(Spoiler alert: I did my best here to not give anything away, but I eventually make vague references to a few significant story developments I found hard to avoid mentioning in order to still provide a coherent, thought-out review of this movie.)
After a four month wait for BLACK PANTHER: WAKANDA FOREVER to become available to rent on a streaming platform (Disney), I watched it yesterday (Saturday) morning and was pleasantly impressed. First of all, this sequel to 2018’s BLACK PANTHER served as a means for me to properly grieve the passing of Chadwick Boseman, who died in late August of 2020 from colon cancer. This movie opens with his character, King T’Challa, the Black Panther, dying off screen from some unspecified illness from which his scientist sister, Princess Shuri (Letitia Wright) is unable to save him. Shortly after this, Shuri stands by her mother, Queen Ramonda (Angela Bassett), who leads the fictional African nation of Wakanda in a beautiful burial and memorial ceremony of their beloved monarch. I wept, partly over the loss of this elegantly regal, dignified character but mostly over the death of such a fine and beautiful actor. I imagine other viewers had a similar cathartic experience. Sometimes, a movie character and the actor playing them uncannily seem to harmoniously intertwine on screen and in real life. T’Challa/Boseman is one such example I will always remember with warmth and a deep respect.
Queen Ramonda is soon beset with challenges, initially concerning the protection of her country’s vibranium from other nations and parties wanting to obtain it for power and profit. However, another problem arises: the threat from Talokan, a mysterious underwater kingdom originating from the ancient Mayan civilization. The Talokanil also have plentiful access to vibranium. Their sovereign state is led by Namor (Tenoch Huerta Mejia, full name Jose Tenoch Huerta Mejia), a half human, half ocean deity and anti-hero. Viewing Wakanda as responsible for publicizing to the world the existence of precious virbranium, Namor seeks out Queen Ramonda through a clandestine night-time visit to her homeland. During this unwelcome encounter, he demands her kingdom’s cooperation in delivering to him a young female scientist at MIT, who has invented and built a machine that detects vibranium. The already action-filled narrative picks up pace from there.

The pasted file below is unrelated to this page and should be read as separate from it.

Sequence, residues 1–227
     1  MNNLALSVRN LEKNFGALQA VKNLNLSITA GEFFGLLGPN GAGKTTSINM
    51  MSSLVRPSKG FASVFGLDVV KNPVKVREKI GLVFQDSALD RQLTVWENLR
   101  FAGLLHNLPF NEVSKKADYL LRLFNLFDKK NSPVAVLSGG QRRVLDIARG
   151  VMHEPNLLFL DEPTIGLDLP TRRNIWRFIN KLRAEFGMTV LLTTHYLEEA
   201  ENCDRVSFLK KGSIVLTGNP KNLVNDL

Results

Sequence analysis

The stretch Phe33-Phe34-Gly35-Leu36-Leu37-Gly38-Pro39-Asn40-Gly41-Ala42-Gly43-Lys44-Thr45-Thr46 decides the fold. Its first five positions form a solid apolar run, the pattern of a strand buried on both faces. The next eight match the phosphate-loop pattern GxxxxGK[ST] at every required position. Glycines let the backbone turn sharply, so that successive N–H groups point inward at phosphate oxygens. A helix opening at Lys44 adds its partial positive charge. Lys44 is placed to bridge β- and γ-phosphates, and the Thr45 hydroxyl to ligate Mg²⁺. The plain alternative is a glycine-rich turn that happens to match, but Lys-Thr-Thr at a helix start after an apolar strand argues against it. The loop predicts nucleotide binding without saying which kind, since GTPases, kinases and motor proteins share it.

I was thrilled to see Angela Bassett in her role as Ramonda carrying the mantel of monarch and enjoying a more central role in this sequel. I so wanted to see more of her in BLACK PANTHER, and this follow-up delivered. Like the late Mr. Boseman’s, her screen presence is poised, regal, and elegant, harkening back to beautiful, larger than life movie stars of decades past. With a natural charisma, she wears her character’s grand and exquisite dresses and hats, adding much to the already lush-filled imagery throughout this fun work of cinema. Ms. Bassett spends all of her scenes gracefully portraying a leader with deep intelligence, strength, and compassion. Her 2022 Oscar nomination for Best Supporting Actress is well-deserved here.
The rest of the cast ranges from good to excellent, with Tenoch Huerta Mejia, Lupita Nyong’o, and Danai Gurira standing out alongside Bassett (well, almost alongside her). I was glad to see the old Marvel character Namor portrayed here as a Mayan instead of a black-haired white male like he originally was shown in the comics, starting in 1939. His grievances stem from his ancestors’ oppression at the hands of Spanish conquistadors, adding nuance and complexity to him. Handsome Mexican actor Huerta Mejia’s screen presence is sincere and passionate. Ms. Nyong’o as Nakia, the Wakandan spy and former love interest of King T’Challa, shows up a ways into the movie but, when she does, her familiar, serious persona quickly drew me in, as if I’d just seen her on screen the other day, not almost five years ago. She is a woman with gravitas and a sense of purpose in her face and movements. The same can be said of Gurira’s Okoye, General of the Dora, an elite group of Wakandan women warriors. These powerful women are forces to be reckoned with, matched well in strength and charisma by Namor.